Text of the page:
Thursday 2 December 2021

Modifying a thermostat to make our heating more efficient

It's December 2nd and it snowed today. That was the first time that it snowed this winter, and it reminded me to write about a very cheap modification to our thermostat which made our heating system both more efficient (using less gas) as well as giving us better control of the temperature in our home.

Our central heating system is quite old and inefficient, dating from the 1990s. I've been meaning to replace it since we moved in, but first we did quite a bit of insulating, including the walls, roof, floor and triple glazed windows. All of this dramatically reduced the energy input required to stay warm and as a result we've gone from a home which was expensive to run in winter even while we were still cold to one which is very efficient so the heating doesn't come on very often. Much of our gas usage now is actually due to our even more inefficient and old water heater. We now burn far less gas than average because even though our central heating boiler remains old and inefficient it doesn't come on very often and last December we used less than half the amount of gas that average homes of our size required for heating, less even than an average apartment. Insulation works.

This shows gas usage last December. Our bill for electricity and gas together averages around €45 per month over the year. In part this is because the energy company pays us for our excess solar power.

One of the things that put me off buying newer gas appliances was wanting to get rid of them altogether. Unfortunately, when I first looked into doing this I was getting five figure quotes for heat pumps which made it impossible to justify them on economic grounds. Insulating saved us more money more quickly, and the solar panels were also far easier to justify economically. But the price of heat pumps has come down and I do now want to switch. Unfortunately, the absolutely awful government which this country currently has has ensured that the covid pandemic has already gone on for nearly two years and it'll probably go on for a while yet. I'm not keen on having people come into our home while this disease is spreading so the heat pump will have to wait. However I did think of a way of making our existing system more efficient:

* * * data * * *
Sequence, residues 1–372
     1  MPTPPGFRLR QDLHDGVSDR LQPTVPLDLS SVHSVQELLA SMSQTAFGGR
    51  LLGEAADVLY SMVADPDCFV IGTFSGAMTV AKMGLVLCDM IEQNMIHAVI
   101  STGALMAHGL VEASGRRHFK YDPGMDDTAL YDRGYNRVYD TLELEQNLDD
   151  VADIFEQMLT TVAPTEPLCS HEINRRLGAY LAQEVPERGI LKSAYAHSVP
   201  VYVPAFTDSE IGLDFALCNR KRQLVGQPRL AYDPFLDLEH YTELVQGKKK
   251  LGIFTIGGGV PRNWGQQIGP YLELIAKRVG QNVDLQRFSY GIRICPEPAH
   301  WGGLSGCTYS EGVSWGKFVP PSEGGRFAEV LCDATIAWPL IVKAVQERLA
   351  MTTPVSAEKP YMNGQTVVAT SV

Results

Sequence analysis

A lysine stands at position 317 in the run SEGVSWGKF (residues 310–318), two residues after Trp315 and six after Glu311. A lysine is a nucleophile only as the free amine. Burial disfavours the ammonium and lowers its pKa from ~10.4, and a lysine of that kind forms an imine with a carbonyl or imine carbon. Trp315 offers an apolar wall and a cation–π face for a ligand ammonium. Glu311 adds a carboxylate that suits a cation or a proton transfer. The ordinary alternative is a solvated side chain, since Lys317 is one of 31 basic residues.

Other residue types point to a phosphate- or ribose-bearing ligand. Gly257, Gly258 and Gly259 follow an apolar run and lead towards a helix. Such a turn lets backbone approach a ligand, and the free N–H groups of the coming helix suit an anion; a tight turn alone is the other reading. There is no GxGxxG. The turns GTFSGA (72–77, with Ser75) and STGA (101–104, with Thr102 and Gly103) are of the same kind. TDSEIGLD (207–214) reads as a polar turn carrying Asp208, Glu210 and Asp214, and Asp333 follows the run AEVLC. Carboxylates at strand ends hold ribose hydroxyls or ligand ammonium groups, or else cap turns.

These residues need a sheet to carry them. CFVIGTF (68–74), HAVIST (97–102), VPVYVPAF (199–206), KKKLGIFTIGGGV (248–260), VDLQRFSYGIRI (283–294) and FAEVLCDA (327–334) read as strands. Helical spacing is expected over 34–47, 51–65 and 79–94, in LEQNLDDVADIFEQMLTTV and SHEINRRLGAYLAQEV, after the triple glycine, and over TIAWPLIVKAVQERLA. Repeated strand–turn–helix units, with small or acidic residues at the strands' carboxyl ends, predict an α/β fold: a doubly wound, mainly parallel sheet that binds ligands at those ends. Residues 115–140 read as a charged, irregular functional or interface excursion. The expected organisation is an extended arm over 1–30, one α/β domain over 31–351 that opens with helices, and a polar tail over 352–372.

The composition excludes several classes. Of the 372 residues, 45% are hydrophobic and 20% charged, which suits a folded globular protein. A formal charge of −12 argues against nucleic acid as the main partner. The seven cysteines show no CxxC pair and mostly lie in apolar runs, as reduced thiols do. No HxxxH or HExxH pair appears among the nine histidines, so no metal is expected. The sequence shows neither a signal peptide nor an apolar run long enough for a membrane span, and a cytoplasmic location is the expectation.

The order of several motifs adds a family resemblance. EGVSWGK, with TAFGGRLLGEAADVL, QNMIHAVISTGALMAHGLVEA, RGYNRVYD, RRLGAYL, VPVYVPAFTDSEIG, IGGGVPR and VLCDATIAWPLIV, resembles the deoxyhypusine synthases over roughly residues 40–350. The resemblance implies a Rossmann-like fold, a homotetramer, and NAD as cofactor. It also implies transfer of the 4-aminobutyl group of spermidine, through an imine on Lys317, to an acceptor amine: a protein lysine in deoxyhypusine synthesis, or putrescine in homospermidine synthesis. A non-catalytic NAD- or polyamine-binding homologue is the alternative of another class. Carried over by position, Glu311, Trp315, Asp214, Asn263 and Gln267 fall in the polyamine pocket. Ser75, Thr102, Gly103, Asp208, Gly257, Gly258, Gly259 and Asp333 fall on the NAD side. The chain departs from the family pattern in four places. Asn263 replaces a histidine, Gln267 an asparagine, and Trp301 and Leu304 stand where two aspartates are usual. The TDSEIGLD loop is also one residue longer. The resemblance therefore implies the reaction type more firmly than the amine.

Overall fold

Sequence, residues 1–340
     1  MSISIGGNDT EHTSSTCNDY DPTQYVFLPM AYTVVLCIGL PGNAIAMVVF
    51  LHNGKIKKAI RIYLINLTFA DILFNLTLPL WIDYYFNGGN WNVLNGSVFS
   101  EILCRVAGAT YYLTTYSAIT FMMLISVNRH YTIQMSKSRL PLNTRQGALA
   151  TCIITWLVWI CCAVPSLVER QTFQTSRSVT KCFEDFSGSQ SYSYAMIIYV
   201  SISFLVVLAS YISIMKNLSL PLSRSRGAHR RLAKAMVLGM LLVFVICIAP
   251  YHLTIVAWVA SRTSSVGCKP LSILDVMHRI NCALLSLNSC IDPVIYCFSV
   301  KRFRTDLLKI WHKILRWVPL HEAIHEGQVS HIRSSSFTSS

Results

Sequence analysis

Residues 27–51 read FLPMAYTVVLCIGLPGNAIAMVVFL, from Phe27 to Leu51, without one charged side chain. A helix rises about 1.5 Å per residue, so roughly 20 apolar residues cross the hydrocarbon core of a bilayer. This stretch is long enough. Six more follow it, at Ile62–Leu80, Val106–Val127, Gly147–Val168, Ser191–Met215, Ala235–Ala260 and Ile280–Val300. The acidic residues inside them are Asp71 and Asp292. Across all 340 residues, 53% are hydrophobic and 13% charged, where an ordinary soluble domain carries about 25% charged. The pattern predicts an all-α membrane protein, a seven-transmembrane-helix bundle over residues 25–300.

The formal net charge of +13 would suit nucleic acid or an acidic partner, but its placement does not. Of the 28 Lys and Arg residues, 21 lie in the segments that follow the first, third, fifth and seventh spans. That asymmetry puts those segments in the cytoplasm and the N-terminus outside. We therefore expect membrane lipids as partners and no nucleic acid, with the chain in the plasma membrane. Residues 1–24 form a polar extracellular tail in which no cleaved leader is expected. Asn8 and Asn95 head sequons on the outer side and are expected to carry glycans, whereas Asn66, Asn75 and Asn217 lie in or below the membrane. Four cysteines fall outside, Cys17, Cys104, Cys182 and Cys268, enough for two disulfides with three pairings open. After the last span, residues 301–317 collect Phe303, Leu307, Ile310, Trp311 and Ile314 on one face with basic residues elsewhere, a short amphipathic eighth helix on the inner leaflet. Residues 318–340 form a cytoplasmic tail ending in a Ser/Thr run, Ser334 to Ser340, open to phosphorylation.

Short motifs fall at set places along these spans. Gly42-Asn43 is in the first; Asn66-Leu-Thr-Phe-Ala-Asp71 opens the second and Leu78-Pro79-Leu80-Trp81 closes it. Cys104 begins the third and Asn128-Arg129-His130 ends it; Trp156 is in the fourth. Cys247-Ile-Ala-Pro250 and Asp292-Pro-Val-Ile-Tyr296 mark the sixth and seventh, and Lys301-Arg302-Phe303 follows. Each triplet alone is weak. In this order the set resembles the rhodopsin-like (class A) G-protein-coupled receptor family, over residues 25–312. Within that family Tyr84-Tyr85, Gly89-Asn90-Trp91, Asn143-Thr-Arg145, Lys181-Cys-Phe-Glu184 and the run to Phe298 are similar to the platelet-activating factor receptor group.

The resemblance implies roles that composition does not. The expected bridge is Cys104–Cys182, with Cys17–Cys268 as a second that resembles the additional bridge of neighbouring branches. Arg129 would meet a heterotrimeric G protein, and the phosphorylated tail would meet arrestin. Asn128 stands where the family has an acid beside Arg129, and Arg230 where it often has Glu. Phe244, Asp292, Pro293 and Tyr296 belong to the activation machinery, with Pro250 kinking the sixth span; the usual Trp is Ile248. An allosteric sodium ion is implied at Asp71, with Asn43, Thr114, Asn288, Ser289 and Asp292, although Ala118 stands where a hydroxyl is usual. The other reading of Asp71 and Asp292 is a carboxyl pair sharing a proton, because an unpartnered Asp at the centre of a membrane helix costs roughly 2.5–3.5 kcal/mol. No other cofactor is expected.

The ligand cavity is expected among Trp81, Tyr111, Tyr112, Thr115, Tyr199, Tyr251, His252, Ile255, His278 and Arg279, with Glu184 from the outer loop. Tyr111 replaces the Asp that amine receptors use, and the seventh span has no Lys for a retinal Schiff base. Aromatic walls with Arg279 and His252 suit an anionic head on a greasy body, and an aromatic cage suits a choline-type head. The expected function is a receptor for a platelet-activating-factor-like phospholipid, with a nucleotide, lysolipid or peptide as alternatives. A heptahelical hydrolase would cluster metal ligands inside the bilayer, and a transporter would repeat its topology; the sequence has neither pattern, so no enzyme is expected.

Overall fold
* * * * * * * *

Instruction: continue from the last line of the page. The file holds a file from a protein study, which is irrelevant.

Uneven temperature due to too much insulation and an overenthusiastic central heating system

Our boiler and radiators were designed for a leaky house. The radiators are large and the boiler likes to generate lots of really hot water. I turned down the temperature setting on the boiler a very long while ago and there's no problem with the house heating up (this bodes well for replacing it with a heat pump which will produce cooler warm water) but we still had a problem with excessive heat.

What happens is that thermostat switches on, the radiators heat up and because it takes quite a long time for convection to transport heat from radiator to the thermostat the heating would continue to push out heat for far too long resulting in the temperature overshooting sometimes by 3 C over our selected temperature. Setting the thermostat at a lower temperature doesn't fix this problem because that means that the lower temperature has to be reached before we get any heating at all. We were a victim of our good insulation.

My first thought was to replace the thermostat with an Arduino programmed to turn the heating on only for short bursts and I started working on doing this before I realised I was overthinking it: Couldn't I instead do something to convince the existing thermostat to switch for short bursts ? At first I thought perhaps this could be done by adding something like a 555 timer circuit which would change the state of the relay in the thermostat more often, but then I thought of an even simpler solution:

The solution which costs just a few cents